Michelle said: “I feel so tired of the renting game. When you’re in your late 50’s like me, even on a good wage there’s no way you can get a mortgage. So, you’re left with private renting.   

“I was diagnosed with severe Vasculitis in February this year, and then in July, after only four months in my home, my landlord gave me an eviction notice because he wanted to sell. I was in shock. I had to look for a new home while I was highly vulnerable and shielding.       

“If I could live in a social home, it would give me such peace of mind that I won’t have to move every six months. It would mean I could unpack, put things up on the wall, have a cat. Just little things in life that would make such a big difference. All I can do now is put my pictures on the hooks the landlord has left. It sounds really basic, but it is part of wanting to make a home.” 


Notes to editors:

  • All figures, unless otherwise stated, are from YouGov Plc.  Total sample size was 5,177 adults. Fieldwork was undertaken between 4th - 7th September 2020.  The survey was carried out online. The figures have been weighted and are representative of all England adults (aged 18+).

  • The percentage results in the survey have been converted into the number of people in a household using the detailed data from 2017-18 English Housing Survey (EHS) – which gives an estimate of population per tenure – uprated in line with the headline 2018-19 EHS results to reflect a further year’s population growth.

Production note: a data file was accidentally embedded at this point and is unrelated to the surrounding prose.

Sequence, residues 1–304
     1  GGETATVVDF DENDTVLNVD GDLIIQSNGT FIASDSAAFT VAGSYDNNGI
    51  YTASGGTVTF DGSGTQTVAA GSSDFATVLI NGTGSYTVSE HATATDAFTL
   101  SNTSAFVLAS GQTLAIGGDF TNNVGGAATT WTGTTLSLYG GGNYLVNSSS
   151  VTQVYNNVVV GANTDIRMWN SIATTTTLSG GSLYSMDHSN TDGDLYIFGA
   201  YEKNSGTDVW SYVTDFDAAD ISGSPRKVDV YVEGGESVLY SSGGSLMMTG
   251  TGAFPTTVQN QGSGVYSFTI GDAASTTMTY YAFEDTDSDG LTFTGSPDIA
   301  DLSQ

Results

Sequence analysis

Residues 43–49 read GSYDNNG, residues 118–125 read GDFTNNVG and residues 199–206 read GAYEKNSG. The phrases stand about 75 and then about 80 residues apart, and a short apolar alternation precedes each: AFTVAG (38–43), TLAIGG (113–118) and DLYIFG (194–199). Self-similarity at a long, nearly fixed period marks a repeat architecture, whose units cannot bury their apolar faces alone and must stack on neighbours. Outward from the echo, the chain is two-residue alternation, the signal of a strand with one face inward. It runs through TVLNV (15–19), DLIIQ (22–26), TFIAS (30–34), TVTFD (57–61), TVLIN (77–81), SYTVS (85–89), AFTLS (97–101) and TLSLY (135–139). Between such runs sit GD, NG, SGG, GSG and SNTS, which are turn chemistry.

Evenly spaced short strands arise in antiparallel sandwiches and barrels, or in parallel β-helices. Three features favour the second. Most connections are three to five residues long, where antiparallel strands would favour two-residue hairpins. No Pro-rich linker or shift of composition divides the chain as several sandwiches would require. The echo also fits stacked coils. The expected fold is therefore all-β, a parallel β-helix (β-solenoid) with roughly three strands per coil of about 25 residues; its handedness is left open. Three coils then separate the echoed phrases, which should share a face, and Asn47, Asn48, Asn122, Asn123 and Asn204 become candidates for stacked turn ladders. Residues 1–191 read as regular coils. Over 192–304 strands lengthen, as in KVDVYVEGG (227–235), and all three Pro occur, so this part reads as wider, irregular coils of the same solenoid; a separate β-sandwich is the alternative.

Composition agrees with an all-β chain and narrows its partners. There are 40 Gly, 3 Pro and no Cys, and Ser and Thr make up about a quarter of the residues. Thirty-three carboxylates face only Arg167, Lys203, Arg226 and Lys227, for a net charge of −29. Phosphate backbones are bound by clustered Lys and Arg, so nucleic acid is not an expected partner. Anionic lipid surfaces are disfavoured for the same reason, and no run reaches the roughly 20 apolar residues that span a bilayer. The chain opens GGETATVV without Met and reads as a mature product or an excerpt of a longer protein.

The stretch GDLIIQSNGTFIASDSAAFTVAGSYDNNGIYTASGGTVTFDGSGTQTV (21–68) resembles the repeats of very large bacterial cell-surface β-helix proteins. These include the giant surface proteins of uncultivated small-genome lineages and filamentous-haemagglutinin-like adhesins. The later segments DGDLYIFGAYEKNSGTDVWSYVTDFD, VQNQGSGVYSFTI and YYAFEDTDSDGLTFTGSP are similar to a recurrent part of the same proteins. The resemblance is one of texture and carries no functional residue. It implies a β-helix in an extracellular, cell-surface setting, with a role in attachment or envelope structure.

• Private renters living in poor conditions has been calculated using our own analysis of those experiencing any of damp, condensation, leaking roof or windows, an electrical hazard, mould or pest infestation.

  • Private renters saying they pay too much for housing given the quality of their home is calculated using the number of adults in the household. Using the same approach detailed above.

  • Savills analysis of Shelter’s affordable housing investment proposals ‘Macroeconomic Benefits of Social Housing Funding (September 2020) compares the impact of our proposals for the 2021-2025 Affordable Homes Programme (AHP), and changes in the mix of affordable tenures produced, with the current government proposals for the AHP

  • Savills results are ‘net’ of what is expected under existing AHP proposals. Therefore, the 173,100 produced under Shelter’s investment proposals are in addition to what is expected to be built under current AHP plans.

  • Shelter has used the average number of adults per household (1.6 - based on English Housing Survey 2017-18) to estimate how many people are waiting for each social home built. This analysis uses Savills estimated number of social homes that will be built under government proposals (equating to 20% of current funding proposed in the AHP), and divides that by the number of households on the waiting list. Shelter has used the number of households on the waiting list in England and compared this with the number of homes that are likely to be built under governments current AHP plans.

  • Affordable Housing supply can be found on MHCLG Table 1000c – last year only 6,338 social homes were produced, the past four years the average social housing supply has been 6,443 this is approximately a quarter of our proposed social housing delivery.

  • DWP’s benefit expenditure and caseload figures details spending on Housing Benefit: outturn and forecast Spring Budget 2020'. Real terms expenditure was forecast to rise to £24.758 billion (so more than £24 billion) by 2024/25. But this figure doesn't fully take account of increase caseload since the start of the pandemic.